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The next few months were an interesting time for our rag-tag bunch of MMORPGers. We spent many hours questing together, running what dungeons we could and basically just soaking up the world that Blizzard had created for us. Along the way many of my friends started dropping out, usually around the level 40~50 area where it really started to get a bit heavy on the time investment. I continued on and started gathering a group of friends with whom I’d run dungeons with almost daily. After a month or so of this my small team of dungeoneers reformed into a bigger and better guild, Aureus Dawn. A couple weeks later saw our GM drop out and had me assume the position giving me my first taste of what it meant to lead a group of people through a virtual world.

Things just kept getting better as my runs got a reputation for actually finishing content and magically dropping one world epic at least once a week. I started talking with other guild leaders and eventually managed to find another 3 to group with for our first attempt at the first ever raid in WoW: Molten Core. Our first run didn’t see any bosses down but it wasn’t long until we were smashing our way through content and our 4 guild tag team had to split into 2 separate raids to continue on. As time passed the lines between the two separate guilds blurred significantly and I was called into an IM meeting between my officers and the other guild. They proposed that we should merge under a single banner and go ahead with running our raid completely independently. The idea was met with resounding support and they then surprised me by nominating me as the guilds new GM, placing me at the top of the food chain in a 40 man strong raid team. I was elated and soon after Ascendance was formed and we began hitting Molten Core in earnest.

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Soon after the new raid instance, Blackwing Lair, was released and our guild decided to have a crack at it. From memory we did end up making it past the first boss after a couple attempts but progress stalled after that. The same fate also hit us in Molten Core as we struggled to down the final boss, stymying our progress in other raids. Inevitably this began to wear on people and personality clashes began to escalate from small fights into guild sized dramas that threatened to tear the guild apart. Thanks to the piecemeal nature by which the guild was formed there were several loyal factions and once one of the faction leaders decided to go the rest of them would follow. This lead to the demise of Ascendance as a guild who ultimately merged in with another bigger guild to continue running. Times were good there until I developed a large amount of contempt for the leadership and ended up causing dramas of my own, eventually leaving them for one of my long time friends (and previous 4 guild raiding buddy) guild, Dark Ronin.

I found a good place there for the longest time, finding my niche as the Rogue class leader and spending many hours pouring over my DPS logs figuring out how to be the best I could be. Eventually however the same traits that made those people elect me to the position of leadership previously caused me to develop the same level of contempt for the leadership as I had previously. I hadn’t been enjoying the game and decided that I needed a fresh start on another server. I found myself a top raiding guild, repsecced my paladin to holy and transferred servers. This lasted for all of a month before I quit entirely, vowing to leave WoW behind forever and never giving it a second glance.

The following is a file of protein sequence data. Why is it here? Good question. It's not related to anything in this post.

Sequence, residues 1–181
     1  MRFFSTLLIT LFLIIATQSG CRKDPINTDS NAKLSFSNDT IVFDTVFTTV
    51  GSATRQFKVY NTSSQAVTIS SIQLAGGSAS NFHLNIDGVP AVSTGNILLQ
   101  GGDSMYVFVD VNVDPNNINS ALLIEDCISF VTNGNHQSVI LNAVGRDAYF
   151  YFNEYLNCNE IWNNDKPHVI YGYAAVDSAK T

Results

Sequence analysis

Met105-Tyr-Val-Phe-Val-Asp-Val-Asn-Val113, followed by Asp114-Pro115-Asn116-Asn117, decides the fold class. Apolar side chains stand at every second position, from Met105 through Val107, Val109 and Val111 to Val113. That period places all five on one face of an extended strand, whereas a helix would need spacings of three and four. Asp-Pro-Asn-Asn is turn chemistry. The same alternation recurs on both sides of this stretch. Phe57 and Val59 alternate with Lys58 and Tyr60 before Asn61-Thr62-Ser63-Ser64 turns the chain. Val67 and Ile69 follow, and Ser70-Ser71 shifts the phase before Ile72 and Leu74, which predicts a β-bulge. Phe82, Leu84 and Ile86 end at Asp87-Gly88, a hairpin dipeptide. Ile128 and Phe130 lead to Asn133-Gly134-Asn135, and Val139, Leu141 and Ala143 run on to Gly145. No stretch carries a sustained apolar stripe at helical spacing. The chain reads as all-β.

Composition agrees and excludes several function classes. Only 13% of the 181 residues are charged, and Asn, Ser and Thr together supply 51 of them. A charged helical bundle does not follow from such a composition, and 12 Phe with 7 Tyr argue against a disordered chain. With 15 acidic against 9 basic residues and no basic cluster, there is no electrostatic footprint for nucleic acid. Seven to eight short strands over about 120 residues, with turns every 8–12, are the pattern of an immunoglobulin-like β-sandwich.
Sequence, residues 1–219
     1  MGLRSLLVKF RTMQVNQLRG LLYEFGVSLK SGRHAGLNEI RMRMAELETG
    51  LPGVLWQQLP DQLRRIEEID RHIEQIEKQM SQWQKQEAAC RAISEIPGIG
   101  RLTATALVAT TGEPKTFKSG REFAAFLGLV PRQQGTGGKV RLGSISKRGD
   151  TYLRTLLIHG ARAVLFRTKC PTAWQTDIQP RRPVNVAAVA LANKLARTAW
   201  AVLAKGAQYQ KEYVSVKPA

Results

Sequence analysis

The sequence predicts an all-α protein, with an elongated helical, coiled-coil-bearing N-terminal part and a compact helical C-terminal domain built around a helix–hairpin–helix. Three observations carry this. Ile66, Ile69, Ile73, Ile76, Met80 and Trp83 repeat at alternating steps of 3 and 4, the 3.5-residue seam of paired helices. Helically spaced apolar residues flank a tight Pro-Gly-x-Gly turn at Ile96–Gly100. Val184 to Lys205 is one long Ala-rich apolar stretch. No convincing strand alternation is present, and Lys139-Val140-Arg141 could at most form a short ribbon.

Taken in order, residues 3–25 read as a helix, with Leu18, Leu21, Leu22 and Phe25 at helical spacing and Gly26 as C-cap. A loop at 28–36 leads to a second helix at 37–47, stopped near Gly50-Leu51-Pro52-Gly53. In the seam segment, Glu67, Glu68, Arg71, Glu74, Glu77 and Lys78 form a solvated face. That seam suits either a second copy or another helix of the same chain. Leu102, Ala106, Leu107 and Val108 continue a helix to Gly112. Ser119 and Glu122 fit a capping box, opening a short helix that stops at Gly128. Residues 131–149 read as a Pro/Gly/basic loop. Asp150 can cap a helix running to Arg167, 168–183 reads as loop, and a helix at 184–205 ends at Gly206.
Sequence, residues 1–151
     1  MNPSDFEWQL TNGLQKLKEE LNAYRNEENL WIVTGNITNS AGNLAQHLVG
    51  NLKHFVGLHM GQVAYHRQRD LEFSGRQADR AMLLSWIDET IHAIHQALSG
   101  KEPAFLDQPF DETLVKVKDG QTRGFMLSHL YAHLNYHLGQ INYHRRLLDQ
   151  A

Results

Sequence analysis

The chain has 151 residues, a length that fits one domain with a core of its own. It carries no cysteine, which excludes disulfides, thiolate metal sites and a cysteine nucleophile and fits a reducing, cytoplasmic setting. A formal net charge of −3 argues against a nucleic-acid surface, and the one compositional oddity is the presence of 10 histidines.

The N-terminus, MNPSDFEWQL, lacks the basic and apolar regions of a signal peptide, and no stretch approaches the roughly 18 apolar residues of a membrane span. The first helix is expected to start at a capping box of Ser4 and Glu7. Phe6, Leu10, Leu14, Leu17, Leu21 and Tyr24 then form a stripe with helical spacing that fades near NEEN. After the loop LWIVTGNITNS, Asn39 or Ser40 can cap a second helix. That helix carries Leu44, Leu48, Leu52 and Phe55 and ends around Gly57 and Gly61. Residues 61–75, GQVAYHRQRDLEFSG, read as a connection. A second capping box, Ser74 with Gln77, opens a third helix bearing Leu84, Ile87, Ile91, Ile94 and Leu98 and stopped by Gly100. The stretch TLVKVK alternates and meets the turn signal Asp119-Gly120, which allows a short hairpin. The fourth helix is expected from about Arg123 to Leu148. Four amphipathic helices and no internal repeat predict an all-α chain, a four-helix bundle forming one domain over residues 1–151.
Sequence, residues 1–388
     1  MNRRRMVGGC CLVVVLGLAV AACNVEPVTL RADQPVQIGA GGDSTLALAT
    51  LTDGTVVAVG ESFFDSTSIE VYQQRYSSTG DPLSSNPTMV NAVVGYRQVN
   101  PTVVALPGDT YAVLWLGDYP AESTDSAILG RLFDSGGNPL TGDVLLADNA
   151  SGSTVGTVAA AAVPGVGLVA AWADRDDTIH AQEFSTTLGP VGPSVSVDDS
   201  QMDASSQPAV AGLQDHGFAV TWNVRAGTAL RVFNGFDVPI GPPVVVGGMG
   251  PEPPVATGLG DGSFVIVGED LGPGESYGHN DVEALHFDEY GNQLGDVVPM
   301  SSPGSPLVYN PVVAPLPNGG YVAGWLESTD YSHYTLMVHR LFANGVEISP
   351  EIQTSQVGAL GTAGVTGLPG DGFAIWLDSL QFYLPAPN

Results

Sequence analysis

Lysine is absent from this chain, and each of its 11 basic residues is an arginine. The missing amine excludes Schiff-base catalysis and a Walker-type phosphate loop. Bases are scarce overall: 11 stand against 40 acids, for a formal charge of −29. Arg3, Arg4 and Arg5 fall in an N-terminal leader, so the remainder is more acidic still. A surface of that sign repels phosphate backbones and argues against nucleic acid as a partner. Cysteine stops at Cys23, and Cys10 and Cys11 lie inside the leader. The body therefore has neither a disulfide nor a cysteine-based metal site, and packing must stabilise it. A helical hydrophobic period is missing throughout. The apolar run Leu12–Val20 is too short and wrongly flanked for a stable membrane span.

About a year passed before I even thought about WoW again when I saw that the first ever expansion was due to be released soon. Remembering the fond times I had had levelling I thought that it couldn’t hurt to give the game a go again. I spent a little time levelling my rogue in the new areas and enjoyed it for the most part. I even managed to meet up with an old friend, Scottdasmall, who was a long time guild member of mine. I eventually joined his guild and played casually for a couple months, getting both my characters to 70. After that however I just couldn’t get hooked like I did last time and resigned to put the game down again but not with the same disdain as I did before. It wasn’t long however until the next expansion was released and I started looking at WoW again.

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This time however I had friends I had met outside of work to play with. Problem was they were Horde players and this was long before faction transfers were available. If I wanted to play with them I’d have to level another character. Thankfully this was just after the Refer-a-Friend scheme came out, making the journey to 60 much quicker. I rolled myself another toon and levelled up with them so that I could play alongside them. Wrath of the Lich King made it extremely easy to get into raids with almost anyone allowing me to gear up my character just like I had in days gone by. Eventually my new found guildies wanted to start raiding in earnest and I joined them, spending countless hours in Ulduar and eventually making it up to the final boss before the raid fell apart.

I dropped the game again at that point for a good 6 months although I kept a much closer eye on what was happening whilst I was away. I eventually came back for a few months to play through the Icecrown Citadel instance, even gearing myself up with an exceptional amount of loot from there, but when I saw that Catalcysm was on the horizon I gave it up once again figuring that anymore effort would be almost for naught very soon. About a month ago I reactivated my account after purchasing the collector’s edition of Cataclysm and have been playing it ever since.

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There is of course so much more to this story but in the interests of berevity I’ll spare you the details, at least for now. Needless to say that World of Warcarft has been a very big part of my life for the better part of a decade and will continue to be as long as it’s around. This post was more to show you how I’ve been through almost every aspect of the game, from the high points of end game raiding, to the darkest times of guild dramas and finally ending up here today where I enjoy the game in a way that I’d never envisioned when I first set foot in this virtual world. I’ve tried nearly every other MMORPG out there but none of them has kept me coming back in the way that World of Warcraft does, and that’s a testament to just how good Blizzard is at creating a captivating and engaging world.